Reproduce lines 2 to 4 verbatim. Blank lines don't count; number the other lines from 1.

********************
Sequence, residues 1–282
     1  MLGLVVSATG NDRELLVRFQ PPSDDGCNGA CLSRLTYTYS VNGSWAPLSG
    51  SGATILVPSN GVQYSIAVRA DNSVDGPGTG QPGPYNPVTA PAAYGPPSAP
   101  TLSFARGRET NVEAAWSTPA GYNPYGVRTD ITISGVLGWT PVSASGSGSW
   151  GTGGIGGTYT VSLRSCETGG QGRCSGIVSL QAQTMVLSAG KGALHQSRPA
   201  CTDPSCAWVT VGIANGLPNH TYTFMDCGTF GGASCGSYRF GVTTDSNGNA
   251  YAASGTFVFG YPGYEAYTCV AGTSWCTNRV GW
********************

     1  MLGLVVSATG NDRELLVRFQ PPSDDGCNGA CLSRLTYTYS VNGSWAPLSG
    51  SGATILVPSN GVQYSIAVRA DNSVDGPGTG QPGPYNPVTA PAAYGPPSAP
   101  TLSFARGRET NVEAAWSTPA GYNPYGVRTD ITISGVLGWT PVSASGSGSW